Posts tagged ‘WEA’

April 17th, 2013

Wycliffe/SIL and the WEA’s Missteps Raise integrity Questions

Here are a few but significant missteps of Wycliffe Bible Translators/Summer Institute of Linguistics and its auditor, the World Evangelical Alliance (WEA):

  1. Wycliffe/SIL went to the WEA, “as a respected and trusted global evangelical association,” to review its translation practices yet it is perfectly fine with Wycliffe/SIL that Dr. Robert E. Cooley, who it had recommended to participate from a position favorable to Wycliffe/SIL, is participating, let alone, leading the review process. Don’t get me wrong. I am not questioning the integrity of Dr. Cooley. I contacted the WEA on April 11, 2012—four weeks prior to Dr. Cooley’s appointment to chair the global panel—about my concerns and even shared the evidence. I received a one line response thanking me for the information. Little did I know my concerns would be ignored. Wycliffe/SIL and the WEA have essentially taken shortcuts to transparency and integrity. It is a fact, Wycliffe/SIL were involved in Bible translations that removed “Father” and “Son” from the context of Scripture. The WEA leaders might just be ignorant of Wycliffe/SIL’s culpability. Dr. Cooley’s point man at the WEA admitted to me in early August he did not know why Wycliffe/SIL were being audited.
  2. Wycliffe/SIL initially defended the Bible translations in the current controversy. Wycliffe’s initial statement was in the form of an email, with a PDF attachment (HERE), which was sent out to all Wycliffe organization personnel worldwide from then Senior VP of Wycliffe USA Russ Hersman’s email account. (Mr. Hersman has since been promoted to the Chief Operating Officer of Wycliffe USA.) The statement defended Bible translations in the current controversy. Passionate Wycliffe supporters who had all along thought Wycliffe/SIL was being falsely accused forwarded the email to Biblical Missiology, the organization that started the online petition. Biblical Missiology responded with a FACT CHECK which you can access HERE. A Wycliffe member who has since resigned confirmed Wycliffe’s initial statement defending the translations was sent from Mr. Hersman’s email account. Wycliffe hasn’t retracted the initial statement to date.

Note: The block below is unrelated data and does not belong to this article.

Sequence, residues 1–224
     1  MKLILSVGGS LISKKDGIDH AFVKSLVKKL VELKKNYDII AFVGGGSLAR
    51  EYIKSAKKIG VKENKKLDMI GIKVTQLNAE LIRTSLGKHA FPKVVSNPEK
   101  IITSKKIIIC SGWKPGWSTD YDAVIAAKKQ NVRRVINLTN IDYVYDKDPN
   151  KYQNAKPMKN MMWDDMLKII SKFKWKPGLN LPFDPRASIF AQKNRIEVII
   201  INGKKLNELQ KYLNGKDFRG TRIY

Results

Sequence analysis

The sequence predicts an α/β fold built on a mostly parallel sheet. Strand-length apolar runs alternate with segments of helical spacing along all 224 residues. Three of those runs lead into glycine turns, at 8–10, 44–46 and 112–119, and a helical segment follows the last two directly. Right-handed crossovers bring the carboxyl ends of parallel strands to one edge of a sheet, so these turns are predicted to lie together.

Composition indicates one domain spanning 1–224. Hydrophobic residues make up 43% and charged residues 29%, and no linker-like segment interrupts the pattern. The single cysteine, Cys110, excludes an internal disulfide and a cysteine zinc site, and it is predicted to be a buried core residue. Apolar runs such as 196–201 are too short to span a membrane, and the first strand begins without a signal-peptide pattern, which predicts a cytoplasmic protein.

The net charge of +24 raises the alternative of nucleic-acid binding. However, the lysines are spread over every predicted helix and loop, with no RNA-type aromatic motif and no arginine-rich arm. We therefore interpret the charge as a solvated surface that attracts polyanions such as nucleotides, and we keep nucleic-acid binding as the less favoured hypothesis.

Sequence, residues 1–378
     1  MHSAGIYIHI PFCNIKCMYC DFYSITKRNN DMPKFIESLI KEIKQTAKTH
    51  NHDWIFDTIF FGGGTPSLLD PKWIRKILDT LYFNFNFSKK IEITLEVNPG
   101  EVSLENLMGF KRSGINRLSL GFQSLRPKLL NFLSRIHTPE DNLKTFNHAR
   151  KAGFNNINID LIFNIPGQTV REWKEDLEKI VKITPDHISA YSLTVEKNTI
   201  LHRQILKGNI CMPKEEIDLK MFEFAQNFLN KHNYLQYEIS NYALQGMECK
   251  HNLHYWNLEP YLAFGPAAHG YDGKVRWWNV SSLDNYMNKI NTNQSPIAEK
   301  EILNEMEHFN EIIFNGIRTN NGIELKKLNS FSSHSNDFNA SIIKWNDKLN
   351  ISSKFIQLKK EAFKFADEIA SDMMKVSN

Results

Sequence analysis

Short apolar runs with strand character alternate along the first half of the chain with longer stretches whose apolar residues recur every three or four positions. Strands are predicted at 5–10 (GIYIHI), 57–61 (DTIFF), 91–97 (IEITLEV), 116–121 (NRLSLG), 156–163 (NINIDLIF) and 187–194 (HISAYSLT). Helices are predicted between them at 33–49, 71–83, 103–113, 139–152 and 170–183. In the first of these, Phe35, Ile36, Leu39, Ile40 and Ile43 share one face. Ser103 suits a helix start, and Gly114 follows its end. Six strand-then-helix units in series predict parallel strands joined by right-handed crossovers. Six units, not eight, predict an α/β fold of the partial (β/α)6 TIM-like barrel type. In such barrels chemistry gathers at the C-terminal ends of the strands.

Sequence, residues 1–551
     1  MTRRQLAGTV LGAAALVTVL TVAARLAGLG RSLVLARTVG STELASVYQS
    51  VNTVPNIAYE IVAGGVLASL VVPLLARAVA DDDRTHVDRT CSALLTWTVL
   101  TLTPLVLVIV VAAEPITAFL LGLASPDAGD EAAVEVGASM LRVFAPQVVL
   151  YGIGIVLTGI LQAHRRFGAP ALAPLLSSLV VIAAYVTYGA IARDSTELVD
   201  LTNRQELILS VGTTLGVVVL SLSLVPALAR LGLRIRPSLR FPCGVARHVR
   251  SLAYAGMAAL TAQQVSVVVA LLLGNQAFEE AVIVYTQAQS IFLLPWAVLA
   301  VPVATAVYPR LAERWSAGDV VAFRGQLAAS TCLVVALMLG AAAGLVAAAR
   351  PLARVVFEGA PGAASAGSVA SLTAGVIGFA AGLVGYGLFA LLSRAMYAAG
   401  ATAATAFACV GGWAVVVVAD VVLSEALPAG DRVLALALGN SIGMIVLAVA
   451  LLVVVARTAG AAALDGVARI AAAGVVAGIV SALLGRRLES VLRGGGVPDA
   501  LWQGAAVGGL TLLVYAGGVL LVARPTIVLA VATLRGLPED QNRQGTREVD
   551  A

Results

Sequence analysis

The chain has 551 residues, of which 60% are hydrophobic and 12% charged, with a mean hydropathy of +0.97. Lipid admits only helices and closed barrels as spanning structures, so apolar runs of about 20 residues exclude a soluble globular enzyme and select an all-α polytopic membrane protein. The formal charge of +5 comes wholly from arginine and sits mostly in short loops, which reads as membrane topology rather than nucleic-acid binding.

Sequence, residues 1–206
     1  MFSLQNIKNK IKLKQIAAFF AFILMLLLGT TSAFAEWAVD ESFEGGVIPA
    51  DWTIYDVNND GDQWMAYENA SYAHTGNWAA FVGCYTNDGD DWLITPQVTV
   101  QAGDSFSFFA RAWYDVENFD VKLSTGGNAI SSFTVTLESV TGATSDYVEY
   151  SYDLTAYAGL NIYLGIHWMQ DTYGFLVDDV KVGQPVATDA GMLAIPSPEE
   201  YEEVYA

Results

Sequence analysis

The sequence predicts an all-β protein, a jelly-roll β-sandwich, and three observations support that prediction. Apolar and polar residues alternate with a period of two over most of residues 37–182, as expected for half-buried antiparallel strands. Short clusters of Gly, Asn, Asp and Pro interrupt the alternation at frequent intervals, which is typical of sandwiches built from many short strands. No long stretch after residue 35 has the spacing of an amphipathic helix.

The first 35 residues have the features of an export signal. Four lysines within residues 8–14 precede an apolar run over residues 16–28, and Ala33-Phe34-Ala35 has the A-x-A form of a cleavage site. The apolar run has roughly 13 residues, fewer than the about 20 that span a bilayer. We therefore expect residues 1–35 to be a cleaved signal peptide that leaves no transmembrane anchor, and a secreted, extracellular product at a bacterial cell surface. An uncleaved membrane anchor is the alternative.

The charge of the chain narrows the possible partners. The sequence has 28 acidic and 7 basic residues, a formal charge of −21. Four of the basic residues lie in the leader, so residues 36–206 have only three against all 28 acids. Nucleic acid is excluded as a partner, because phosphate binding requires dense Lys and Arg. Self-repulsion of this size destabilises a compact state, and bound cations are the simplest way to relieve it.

3. I have italicized “respected” and “trusted” in the WEA’s initial sentence about itself because the WEA has had significant ethical problems. There are several examples, but let me just point out two. The WEA defines its Associate Members—Wycliffe is one of its Global Partners—as “independently incorporated organizations with their own specific ministries and accountability, an international scope of ministry, and the capacity and authority to serve in and beyond the WEA community.” That is far from true. More HERE. First, let me show you something about a WEA associate member Holy Bible Society (HBS). I chose to go with this ‘organization’ because it touts Zondervan, the Lockman Foundation and LifeWay as its “significant partners.” I contacted all these three organizations and none of them knows what HBS is, let alone as a “partner.” Zondervan was looking into the possibility HBS was using its “name without permission.” President and CEO of LifeWay, Thom Rainer, had no idea what it was. He responded via Twitter he was “not familiar with the organization” and LifeWay was “looking into it.” A friend who unknowingly supported and promoted Bible translations in the current controversy—who has since resigned—says, “This alone is reason to call the WEA into question as an independent arbitrator of the translation issue.  If they promote as viable partners and member organizations that are really nothing more than shells, or fronts for the same organization, then how can they be expected to be truthful when it comes to the translation issue?” The WEA’s North American Council member David Jang is the president of HBS. Another WEA associate member is Young Disciples of Jesus, which is considered a cult in China. I was at Wheaton College in July 2012 participating in a program for the Chinese church. I asked one of the leaders if he had heard of Young Disciples of Christ. I said the name wrong. He quickly corrected me. He asked, “You mean Young Disciples of Jesus?” When I answered in the affirmative, he said “it is a cult.” Young Disciples of Jesus is associated with the WEA’s David Jang.
  4. Christianity Today published an extensive article about Mr. Jang who is considered in his denomination as “Second Coming Christ.” You can read the first article HERE and a follow up HERE. The WEA is aware of these troubling concerns but instead of distancing itself, it has defended Mr. Jang and organizations associated with him. He is still a leader of the WEA. I contacted Wycliffe, and even talked with one of the leaders at great length about the WEA last summer before the WEA assembled the panel, the review process still continued.
  5. Though the review bears the WEA name, Wycliffe/SIL is the sponsor. Wycliffe/SIL is not just paying the bills; a Wycliffe/SIL source with knowledge of the deliberations says Muslim Idiom Translations (MIT) proponents have had access to deliberations of the WEA panel members, urging them to support Wycliffe/SIL position on Muslim Idiom Translations (MIT), while Wycliffe/SIL personnel who oppose MIT have not had a chance to speak with the WEA panel. It is troubling, especially when Wycliffe/SIL had claimed the review would be “independent.” Wycliffe and SIL had recommended Dr. Robert E. Cooley to the panel, and per Wycliffe/SIL document, he would “participate from a position supportive of” Wycliffe/SIL current translation policy, but I didn’t know non-panel members who are also proponents of MITs would be the only voice in these deliberations.